The play opens with Orlando lamenting his sorry fate to Adam, his servant: Orlando’s father, upon his death, granted most of his estate to his other son, Oliver, and instructed him to raise his brothers, Orlando and Jaques, well. While treating Jaques fairly, however, Oliver has routinely denied Orlando all of the money, education, and basic respect that he deserves. Orlando concludes his lament by declaring that he will no longer tolerate Oliver’s tyranny, though at the same time acknowledging the impossibility of resisting it.
This scene sets the stage for the rest of the play. It introduces the acrimonious sibling relationship between Orlando and Oliver, and establishes Oliver as the crueler and more powerful of the two, and Orlando as the victim of his brother’s cruelty. Note also how Orlando has not been allowed an education—meaning that while he is from the court, he has something natural about him in contrast to Oliver’s more sophisticated scheming.
Oliver approaches and Adam slips away to observe the brothers’ exchange. Oliver orders Orlando to quit his idleness and Orlando replies by complaining of his forced poverty. He proceeds to argue that, although Oliver’s age renders him legally superior, Orlando is still their father’s son and should be treated more like an equal. Oliver strikes him and calls him a villain.
Orlando expresses the same discontent that he expressed to Adam, but here to the very source of his woes. The verbal combat between Orlando and Oliver further illustrates the antagonistic nature of their relationship.
Orlando expresses offense at the mere possibility that their father, Sir Rowland de Boys, could be said to have had villains for sons. He swears that he would kill Oliver if they weren’t brothers. Adam tries to intervene but Orlando continues to demand that Oliver grant Orlando either the bearings of a civil existence or the money that was left for him in his father’s will. Oliver orders that Orlando leave, hastily promising to Orlando that he “shall have some part of” his will. Orlando exits.
Orlando becomes more forceful in his dealings with Oliver, and Oliver appears to concede to his demands. Given what we know about his cruel history, however, it’s hard to believe that Oliver means what he says. Again, Oliver’s likely lack of honesty makes him more of a figure, or product, of the political court.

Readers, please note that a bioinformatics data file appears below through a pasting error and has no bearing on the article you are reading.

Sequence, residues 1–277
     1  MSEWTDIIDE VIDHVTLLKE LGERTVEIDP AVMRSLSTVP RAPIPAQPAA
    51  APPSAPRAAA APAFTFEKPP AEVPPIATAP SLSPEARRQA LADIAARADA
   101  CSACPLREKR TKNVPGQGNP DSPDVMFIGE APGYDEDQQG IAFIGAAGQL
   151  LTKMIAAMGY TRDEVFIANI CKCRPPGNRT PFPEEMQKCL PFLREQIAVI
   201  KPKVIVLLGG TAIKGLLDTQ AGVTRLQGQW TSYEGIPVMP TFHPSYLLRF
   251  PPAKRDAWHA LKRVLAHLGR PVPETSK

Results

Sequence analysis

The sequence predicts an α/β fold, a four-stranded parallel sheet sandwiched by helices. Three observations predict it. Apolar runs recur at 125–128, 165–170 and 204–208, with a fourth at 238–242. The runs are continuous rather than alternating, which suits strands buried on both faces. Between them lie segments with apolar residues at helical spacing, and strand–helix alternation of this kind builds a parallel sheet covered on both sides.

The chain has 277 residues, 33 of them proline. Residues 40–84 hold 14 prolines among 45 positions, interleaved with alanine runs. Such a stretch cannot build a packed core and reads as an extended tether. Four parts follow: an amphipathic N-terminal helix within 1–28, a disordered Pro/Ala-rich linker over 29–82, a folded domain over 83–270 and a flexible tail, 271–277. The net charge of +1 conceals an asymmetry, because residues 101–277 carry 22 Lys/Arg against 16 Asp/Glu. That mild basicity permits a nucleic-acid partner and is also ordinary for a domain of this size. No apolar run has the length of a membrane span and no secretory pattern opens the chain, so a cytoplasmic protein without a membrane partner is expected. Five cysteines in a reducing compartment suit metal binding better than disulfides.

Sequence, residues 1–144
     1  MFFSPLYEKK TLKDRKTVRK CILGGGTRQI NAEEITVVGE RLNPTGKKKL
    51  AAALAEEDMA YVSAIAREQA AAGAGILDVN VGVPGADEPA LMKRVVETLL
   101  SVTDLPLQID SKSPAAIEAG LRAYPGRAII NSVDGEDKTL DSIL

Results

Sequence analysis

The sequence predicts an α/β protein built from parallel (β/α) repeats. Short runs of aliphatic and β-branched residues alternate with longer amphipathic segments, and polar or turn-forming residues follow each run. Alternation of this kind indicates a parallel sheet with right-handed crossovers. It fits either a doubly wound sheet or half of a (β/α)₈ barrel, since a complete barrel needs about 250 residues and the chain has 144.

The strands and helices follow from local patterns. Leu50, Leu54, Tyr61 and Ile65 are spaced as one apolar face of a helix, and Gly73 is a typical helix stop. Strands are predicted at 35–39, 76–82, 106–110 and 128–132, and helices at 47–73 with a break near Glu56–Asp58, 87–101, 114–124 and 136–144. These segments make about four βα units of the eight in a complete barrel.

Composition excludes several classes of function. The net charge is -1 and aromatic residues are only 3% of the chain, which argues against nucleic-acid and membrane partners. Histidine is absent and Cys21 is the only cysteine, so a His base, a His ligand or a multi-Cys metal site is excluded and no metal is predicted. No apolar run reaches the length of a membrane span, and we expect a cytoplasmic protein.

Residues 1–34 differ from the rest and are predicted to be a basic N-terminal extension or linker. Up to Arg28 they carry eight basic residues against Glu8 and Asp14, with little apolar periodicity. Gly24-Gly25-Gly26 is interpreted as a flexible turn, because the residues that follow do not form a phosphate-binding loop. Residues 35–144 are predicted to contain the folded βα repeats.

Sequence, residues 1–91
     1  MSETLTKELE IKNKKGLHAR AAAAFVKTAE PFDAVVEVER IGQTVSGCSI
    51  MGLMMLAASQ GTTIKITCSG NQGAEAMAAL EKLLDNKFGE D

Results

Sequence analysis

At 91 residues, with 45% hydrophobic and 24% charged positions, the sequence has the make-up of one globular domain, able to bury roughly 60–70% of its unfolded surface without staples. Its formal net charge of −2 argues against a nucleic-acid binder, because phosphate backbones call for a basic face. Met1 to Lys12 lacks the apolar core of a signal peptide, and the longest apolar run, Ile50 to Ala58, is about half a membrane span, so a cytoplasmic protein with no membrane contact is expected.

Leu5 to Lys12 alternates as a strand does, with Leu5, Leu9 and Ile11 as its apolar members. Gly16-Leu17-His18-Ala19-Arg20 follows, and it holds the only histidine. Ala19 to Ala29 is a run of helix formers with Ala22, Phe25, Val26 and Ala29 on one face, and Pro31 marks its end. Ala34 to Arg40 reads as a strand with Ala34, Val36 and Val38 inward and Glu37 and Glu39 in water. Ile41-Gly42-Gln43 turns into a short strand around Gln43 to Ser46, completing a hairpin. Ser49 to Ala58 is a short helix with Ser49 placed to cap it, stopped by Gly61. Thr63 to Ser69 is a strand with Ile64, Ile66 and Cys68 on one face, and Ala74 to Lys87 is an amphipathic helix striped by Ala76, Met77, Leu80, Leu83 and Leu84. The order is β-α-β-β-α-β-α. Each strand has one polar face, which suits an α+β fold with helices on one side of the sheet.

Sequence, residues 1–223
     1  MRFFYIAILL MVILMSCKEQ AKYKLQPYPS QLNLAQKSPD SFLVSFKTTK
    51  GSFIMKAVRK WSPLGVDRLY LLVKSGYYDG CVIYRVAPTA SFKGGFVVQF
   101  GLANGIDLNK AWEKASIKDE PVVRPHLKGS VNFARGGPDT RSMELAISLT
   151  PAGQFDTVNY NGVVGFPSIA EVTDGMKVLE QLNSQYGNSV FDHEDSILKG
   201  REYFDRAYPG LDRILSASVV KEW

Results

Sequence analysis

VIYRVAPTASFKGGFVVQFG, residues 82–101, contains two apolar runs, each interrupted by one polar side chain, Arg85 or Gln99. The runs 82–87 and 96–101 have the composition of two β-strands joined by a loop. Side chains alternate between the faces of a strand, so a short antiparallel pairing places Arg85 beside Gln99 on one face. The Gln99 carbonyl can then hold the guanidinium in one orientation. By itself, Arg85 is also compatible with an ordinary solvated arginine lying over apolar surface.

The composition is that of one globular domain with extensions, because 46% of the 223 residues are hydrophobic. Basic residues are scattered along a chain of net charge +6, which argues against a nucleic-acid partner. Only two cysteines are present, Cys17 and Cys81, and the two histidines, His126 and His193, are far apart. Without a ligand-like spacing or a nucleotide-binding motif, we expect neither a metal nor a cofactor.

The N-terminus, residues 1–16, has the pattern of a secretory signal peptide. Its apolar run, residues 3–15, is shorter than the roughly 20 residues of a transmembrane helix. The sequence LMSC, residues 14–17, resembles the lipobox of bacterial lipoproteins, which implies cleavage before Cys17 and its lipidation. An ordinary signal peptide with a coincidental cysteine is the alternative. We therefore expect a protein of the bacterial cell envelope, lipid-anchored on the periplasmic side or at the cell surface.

Oliver orders his servant Dennis to call in Charles, the duke’s wrestler, who has been waiting to see him. Charles informs Oliver that Duke Frederick has usurped and banished his older brother, Duke Senior, whom several lords have since willingly joined in exile. He adds that Rosalind, the banished duke’s daughter, has remained in court with her beloved cousin Celia (Duke Frederick's daughter), and that the old duke has retreated to the Forest of Arden, where he and his men live like Robin Hood.
In his update on the state of the world, Charles introduces a new set of settings (the court and the Forest of Arden) and relationships into the action of the play. The tense relationship between Duke Frederick and Duke Senior mirrors that of Oliver and Orlando, while the loving relationship between Rosalind and Celia provides a contrast with the competitive brothers.
Charles informs Oliver that he is scheduled to wrestle the next day with Orlando, who plans to fight in disguise. Because he must win every match in order to preserve his reputation, Charles advises Oliver to prevent Orlando from fighting if he cares for his brother’s well being.
Charles assumes that Oliver cares for Orlando as a normal, loving brother would. His assumption highlights how unusual Oliver’s fraternal antipathy is.
Oliver feigns gratitude and falsely claims that he has already tried to dissuade Orlando from fighting. He goes on to describe his brother as “the stubbornest young fellow of France” and “a secret and villainous contriver.” Charles leaves newly resolved to beat Orlando and, if he does not win, to never wrestle for money again.
Oliver’s lies to Charles reveal the extent of his cruelty and his desire to do great harm to Orlando. The play here sets up a lot of anticipation around the wrestling, as Charles is so confident of his victory over Orlando.
The scene ends with Oliver acknowledging in a soliloquy his irrationally extreme hatred for his brother: “my soul, yet I know not why, hates nothing more than he.”